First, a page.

What War in Iraq?

In my Core Russia class last semester we talked about the things Russians consider ‘normal’ in society. It was shocking that they wouldn’t think twice about having to pay the mafia for simple rights to start a business, or that their own government would provoke a war with the Chechens. It was appalling that such injustices and violence could occur on a daily basis without protest, or even notice. “Thank God we live in America,” we thought. But America is not exempt from this phenomenon anymore than Russia is.

Last Sunday marked the four-year anniversary of the war in Iraq. How many people in America even noticed? Sure, there were some protests at the beginning of the war, but now it seems we’ve just accepted that we’ll be involved in costly conflict in Iraq forever. It has become ‘normal’ to hear that two marines were killed in Iraq today. It has become ‘normal’ to hear that because the military is overstretched, they’re unable to offer aid anywhere else.

This was most noted after Hurricane Katrina, but effects were even seen this past winter when Denver was buried under feet of snow and the National Guard was too busy being deployed elsewhere to aid the people trapped inside their homes. It has become ‘normal’ for the nation’s budget to run in the red by spending billions of dollars (no exaggeration) on the war each year. It has become ‘normal’ for America to be hated around the world for our foreign policy in Iraq.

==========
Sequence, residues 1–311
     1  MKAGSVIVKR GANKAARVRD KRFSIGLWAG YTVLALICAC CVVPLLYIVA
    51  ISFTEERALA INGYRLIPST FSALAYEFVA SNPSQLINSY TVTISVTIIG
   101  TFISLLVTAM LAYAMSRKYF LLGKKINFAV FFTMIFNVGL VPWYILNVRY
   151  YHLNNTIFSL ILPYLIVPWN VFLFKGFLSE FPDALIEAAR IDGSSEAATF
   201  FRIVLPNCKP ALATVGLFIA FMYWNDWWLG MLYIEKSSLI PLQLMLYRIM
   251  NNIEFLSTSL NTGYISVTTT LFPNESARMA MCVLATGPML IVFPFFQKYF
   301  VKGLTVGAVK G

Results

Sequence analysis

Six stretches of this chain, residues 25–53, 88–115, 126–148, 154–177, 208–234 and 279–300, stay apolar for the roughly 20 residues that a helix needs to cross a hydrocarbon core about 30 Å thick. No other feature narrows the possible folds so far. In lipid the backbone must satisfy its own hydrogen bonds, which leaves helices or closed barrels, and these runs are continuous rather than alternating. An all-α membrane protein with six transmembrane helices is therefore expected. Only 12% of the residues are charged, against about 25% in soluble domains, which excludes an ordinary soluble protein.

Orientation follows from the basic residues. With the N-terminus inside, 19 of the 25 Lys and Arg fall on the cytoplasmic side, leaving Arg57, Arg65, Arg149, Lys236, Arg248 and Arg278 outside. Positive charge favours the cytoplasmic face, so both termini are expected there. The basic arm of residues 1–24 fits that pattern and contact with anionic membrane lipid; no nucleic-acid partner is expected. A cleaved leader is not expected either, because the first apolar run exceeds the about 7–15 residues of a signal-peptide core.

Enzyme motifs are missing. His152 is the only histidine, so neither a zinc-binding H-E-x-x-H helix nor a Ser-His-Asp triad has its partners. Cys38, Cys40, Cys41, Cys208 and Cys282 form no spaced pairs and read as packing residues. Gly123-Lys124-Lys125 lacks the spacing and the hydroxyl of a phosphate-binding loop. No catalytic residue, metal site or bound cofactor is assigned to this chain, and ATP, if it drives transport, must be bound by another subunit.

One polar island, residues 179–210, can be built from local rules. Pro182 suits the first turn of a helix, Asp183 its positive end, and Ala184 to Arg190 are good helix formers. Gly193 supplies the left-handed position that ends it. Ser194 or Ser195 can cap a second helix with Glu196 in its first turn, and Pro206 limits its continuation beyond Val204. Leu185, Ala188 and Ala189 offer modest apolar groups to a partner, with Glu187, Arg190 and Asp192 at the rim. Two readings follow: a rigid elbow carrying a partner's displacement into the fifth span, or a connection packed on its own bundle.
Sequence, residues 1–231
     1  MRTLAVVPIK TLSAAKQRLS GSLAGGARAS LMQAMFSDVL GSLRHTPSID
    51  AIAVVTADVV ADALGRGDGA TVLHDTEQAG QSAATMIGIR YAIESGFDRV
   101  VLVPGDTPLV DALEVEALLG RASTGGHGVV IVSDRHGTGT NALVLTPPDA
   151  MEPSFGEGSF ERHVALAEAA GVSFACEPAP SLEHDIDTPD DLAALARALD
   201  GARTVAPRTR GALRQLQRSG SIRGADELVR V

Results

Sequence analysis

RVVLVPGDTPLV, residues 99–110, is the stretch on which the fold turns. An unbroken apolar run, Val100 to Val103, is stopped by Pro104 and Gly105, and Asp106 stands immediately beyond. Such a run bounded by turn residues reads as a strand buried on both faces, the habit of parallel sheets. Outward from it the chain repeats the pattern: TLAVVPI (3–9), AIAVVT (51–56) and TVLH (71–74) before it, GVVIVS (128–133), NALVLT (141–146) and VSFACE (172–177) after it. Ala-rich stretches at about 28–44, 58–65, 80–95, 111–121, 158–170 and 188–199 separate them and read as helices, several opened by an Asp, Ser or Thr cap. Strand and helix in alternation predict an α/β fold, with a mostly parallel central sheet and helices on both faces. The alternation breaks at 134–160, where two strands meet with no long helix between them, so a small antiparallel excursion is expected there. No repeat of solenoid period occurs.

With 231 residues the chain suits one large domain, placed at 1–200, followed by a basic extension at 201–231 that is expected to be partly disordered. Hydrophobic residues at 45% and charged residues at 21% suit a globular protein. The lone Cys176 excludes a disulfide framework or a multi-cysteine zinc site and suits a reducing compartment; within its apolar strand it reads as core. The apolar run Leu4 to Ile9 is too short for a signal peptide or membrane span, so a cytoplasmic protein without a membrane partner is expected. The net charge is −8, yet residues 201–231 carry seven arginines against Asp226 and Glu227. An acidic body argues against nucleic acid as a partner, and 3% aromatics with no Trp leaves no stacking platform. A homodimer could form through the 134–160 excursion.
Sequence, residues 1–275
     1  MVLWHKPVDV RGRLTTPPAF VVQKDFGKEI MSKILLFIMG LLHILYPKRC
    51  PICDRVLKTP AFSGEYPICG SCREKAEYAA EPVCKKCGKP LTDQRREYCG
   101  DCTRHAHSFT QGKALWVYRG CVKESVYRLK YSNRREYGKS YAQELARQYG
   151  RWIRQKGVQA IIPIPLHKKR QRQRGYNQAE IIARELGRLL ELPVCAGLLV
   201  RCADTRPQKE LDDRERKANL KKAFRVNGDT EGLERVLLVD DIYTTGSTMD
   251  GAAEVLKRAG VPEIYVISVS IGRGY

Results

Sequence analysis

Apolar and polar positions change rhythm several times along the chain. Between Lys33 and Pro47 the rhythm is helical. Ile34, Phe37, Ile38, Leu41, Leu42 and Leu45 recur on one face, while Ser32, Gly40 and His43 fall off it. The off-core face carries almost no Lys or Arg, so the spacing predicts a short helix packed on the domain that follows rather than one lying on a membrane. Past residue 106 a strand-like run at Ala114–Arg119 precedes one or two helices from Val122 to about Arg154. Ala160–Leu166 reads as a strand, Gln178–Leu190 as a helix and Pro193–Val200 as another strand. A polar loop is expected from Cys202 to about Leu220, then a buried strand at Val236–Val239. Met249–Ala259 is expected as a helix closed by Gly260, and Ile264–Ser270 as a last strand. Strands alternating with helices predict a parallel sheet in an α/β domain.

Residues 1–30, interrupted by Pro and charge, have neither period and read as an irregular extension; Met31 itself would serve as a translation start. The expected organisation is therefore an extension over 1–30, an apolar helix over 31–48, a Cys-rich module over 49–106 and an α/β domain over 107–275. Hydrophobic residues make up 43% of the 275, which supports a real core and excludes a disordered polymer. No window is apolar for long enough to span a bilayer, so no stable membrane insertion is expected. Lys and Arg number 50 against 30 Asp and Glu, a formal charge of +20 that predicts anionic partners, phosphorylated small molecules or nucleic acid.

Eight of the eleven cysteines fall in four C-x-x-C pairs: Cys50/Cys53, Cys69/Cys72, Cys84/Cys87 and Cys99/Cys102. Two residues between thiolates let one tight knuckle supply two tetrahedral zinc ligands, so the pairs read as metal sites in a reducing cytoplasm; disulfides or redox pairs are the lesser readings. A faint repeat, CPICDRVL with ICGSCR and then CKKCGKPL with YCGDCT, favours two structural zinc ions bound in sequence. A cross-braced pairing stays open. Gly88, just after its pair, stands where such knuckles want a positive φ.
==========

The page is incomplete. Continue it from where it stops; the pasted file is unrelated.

Because these are such widespread and frequent occurrences, we’ve begun to tolerate this as normal. Theses things weren’t always true. We take them for granted as typical occurrences of life because they’re so commonplace, but they are more controllable than that. Everyday we carry on with our own lives, and when we hear the news we let it slip in one ear and out the other. Don’t we care anymore? I’m not saying to grab your picket sign and head to DC, but show a little interest.

A few weeks ago, The Maroon-News ran a letter to the editor criticizing us for not covering the war in Iraq more. I’ll admit I felt personally indicted by it; our country is at war, and my last article was about the necessity of Spring Break. Colgate is a top liberal arts university, and yet we students here seem to care little about the situation in Iraq. I would imagine that at other universities, there are pages full of angry editorials or students trying to justify and support the war.

I know how hectic life at college can get. There are a lot of things to squeeze into a day – studying, social events, sleep. Still, I’m sure we can all find a few extra minutes to flip through the New York Times, or read the News feed on AOL when you first turn on your laptop. Read the blurb about the latest events in Iraq and keep track of what our military is doing. Then at least the actions of our country, both right and wrong, will not go unnoticed. Whether you decided to do anything with the information you learned or not is your prerogative.

Personally, I’m glad that there aren’t a lot of (or any) protests out on the quad. I doubt you’ll ever find me chained to a building or marching on Washington; I’m not a politically active person. I am, however, a politically interested person, and that’s what I preach. Don’t accept our nation’s gross misdeeds as “normal.” Stay current with the news and know what your country is doing.